'Drunk' for 'drank' in Black American English

giovannino

Senior Member
Italian, Neapolitan
I only found threads about 'drank' and 'drunk' in general which do not answer my question so I thought it best to start a new thread. I'm actually asking this question on behalf of a friend who is studying language variation in AE at university and is not a WR member. He would like to know whether the use of 'drunk' for 'drank' (past tense), which he claims to have noticed in several AAVE sources, is indeed a common feature in AAVE and whether it is also found among white speakers in certain areas (his -- mind you, non-native --sociolinguistics lecturer claims it is also found among white speakers in Mississippi). I apologize for the rather narrow, maybe rather technical question but on Google I was only able to find a few academic discussions of the use of 'drank' for 'drunk' (past participle) and the interesting information that over the past centuries the two forms were often used interchangeably in Standard English (in Burchfield's 'The New Fowler's' and in 'The Columbia Guide to Standard American English').
 
  • JustKate

    Moderate Mod
    I am not fluent in AAVE, but I believe I have heard this from those who are, and I can confirm that it's used in other dialects as well, particularly some of those in the Deep South. Mississippi definitely qualifies as part of the Deep South.
     

    Parla

    Member Emeritus
    English - US
    Giovannino, are you talking about the use of "drunk" for "drank", or the use of "drank" for "drunk"? You refer to both in your post.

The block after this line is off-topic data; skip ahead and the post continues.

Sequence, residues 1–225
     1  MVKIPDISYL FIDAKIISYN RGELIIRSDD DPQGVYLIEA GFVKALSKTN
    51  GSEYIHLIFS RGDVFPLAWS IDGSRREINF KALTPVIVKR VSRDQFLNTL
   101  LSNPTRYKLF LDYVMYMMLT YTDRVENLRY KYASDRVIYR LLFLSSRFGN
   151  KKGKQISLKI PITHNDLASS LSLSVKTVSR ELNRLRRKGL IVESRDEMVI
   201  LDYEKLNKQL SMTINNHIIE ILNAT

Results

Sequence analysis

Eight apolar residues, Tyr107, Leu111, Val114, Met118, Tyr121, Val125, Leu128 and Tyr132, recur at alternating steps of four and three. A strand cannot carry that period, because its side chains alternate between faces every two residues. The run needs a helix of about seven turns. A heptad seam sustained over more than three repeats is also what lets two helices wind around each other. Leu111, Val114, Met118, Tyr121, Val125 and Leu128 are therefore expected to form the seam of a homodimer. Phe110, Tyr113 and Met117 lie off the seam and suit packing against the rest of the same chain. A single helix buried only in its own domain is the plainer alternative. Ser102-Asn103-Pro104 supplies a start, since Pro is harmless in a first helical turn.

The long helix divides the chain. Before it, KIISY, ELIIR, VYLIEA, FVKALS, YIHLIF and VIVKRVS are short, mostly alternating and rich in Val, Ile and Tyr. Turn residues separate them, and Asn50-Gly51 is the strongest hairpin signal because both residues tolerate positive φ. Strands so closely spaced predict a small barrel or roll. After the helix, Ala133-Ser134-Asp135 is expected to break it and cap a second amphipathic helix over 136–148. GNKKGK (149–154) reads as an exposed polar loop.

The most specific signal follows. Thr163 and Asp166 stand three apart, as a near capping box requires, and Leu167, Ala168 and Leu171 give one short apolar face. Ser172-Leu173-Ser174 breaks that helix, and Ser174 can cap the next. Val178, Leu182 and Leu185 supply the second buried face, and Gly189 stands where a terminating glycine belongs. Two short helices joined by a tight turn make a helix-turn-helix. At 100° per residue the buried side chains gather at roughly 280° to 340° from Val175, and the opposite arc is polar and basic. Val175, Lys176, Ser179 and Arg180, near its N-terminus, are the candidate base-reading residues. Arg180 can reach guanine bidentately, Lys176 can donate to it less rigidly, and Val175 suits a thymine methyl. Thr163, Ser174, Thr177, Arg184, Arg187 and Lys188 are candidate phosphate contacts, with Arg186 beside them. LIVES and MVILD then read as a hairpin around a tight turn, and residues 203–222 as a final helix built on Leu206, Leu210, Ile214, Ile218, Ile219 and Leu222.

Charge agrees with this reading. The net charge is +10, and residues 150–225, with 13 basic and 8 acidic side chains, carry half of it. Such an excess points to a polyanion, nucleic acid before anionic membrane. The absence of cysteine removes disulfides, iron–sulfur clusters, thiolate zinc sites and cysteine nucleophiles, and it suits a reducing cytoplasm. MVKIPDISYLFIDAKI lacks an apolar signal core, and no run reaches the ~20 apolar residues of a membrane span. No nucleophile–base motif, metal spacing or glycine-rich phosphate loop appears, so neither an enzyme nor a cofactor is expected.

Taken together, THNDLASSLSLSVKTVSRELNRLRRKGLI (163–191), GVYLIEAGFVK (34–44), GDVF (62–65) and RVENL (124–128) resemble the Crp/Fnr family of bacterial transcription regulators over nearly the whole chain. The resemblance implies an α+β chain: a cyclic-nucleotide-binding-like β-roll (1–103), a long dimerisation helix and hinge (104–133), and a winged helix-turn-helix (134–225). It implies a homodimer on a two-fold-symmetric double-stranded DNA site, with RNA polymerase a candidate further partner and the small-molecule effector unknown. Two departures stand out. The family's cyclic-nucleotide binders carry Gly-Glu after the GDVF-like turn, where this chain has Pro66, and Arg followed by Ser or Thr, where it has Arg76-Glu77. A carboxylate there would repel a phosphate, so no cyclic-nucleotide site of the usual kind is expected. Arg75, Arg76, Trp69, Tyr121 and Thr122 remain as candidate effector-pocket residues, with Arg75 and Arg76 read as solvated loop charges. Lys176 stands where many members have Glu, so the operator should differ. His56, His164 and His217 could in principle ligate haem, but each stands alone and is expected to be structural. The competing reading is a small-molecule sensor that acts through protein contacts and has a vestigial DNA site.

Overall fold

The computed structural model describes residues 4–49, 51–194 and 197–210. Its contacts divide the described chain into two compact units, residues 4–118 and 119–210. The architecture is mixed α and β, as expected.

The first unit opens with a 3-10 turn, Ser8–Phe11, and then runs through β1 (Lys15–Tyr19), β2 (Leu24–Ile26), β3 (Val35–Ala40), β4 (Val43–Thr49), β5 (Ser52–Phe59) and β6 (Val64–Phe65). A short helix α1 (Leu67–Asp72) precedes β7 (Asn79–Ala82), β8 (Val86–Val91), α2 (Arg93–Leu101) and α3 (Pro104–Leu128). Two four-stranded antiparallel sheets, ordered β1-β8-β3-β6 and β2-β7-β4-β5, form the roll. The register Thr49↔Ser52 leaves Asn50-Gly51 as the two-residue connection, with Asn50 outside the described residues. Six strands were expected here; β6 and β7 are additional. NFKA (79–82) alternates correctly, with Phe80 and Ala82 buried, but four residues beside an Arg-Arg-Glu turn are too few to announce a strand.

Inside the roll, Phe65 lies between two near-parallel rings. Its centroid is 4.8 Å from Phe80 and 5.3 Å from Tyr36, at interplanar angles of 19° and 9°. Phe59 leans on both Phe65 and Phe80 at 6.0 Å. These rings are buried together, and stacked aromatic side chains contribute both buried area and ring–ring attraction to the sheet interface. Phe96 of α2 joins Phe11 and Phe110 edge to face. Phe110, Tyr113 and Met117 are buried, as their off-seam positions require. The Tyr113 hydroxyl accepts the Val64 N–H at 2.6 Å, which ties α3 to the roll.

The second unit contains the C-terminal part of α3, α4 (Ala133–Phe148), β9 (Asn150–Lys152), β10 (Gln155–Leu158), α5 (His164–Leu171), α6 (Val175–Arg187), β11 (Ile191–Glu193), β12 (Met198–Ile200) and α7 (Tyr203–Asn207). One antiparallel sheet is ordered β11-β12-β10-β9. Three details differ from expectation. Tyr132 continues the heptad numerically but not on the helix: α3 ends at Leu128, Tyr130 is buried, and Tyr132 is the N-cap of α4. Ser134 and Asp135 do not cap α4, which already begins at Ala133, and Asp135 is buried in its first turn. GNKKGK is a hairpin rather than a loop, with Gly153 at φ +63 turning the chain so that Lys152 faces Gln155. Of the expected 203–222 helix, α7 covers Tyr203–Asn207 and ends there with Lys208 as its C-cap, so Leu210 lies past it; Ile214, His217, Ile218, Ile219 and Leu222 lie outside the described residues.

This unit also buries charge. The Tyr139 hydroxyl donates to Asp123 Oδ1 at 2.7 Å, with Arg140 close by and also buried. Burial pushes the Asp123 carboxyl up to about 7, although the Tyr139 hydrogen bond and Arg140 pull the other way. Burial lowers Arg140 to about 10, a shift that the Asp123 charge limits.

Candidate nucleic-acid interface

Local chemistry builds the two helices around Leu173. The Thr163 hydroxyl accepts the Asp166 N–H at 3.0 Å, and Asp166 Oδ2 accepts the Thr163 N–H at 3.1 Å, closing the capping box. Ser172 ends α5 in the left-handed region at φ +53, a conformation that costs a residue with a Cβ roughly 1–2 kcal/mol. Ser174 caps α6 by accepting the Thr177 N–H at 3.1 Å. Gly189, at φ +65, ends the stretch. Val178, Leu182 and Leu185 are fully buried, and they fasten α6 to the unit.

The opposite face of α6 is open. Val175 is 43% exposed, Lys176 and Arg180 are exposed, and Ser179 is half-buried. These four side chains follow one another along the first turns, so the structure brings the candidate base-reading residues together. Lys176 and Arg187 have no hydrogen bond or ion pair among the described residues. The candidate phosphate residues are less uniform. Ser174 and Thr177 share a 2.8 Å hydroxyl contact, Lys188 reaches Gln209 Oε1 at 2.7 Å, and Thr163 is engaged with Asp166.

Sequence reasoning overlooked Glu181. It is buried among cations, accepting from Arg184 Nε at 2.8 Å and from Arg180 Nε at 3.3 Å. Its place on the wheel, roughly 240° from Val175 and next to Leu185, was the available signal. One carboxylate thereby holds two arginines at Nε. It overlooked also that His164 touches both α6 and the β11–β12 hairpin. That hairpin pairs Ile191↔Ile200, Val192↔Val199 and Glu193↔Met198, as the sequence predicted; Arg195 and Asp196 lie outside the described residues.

I have certainly heard the former (as in "I drunk a lot of beer last night", for example), spoken by people of all colors who simply don't speak correct English. I have also occasionally heard the past used instead of the participle, especially in the past perfect ("I had drank a lot the night before I took the test"), not only with "drink" but with other verbs as well, and this does seem to be an AAVE characteristic.
     

    ewie

    Senior Member
    English English
    (I know you weren't asking about the UK, Giovannino, but you might like to know that confusion of drunk/drank ~ along with sang/sung, run/ran, rang/rung etc. etc. etc. etc. etc. ~ is very common in what might be called 'sub-standard' British English:))
     
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    MarcB

    Senior Member
    US English
    I'm not sure what AAVE is but I agree with the others that people of all colors make mistakes with past and pp. It is also not limited to the South. To me it is not a dialect just incorrect usage , since people who otherwise speak like those of the same region but only make grammatical errors.
     
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    giovannino

    Senior Member
    Italian, Neapolitan
    MarcB, AAVE is an acronym for African American Vernacular English. It's certainly not an acronym I'd use in conversation. It's used by language scholars.
     
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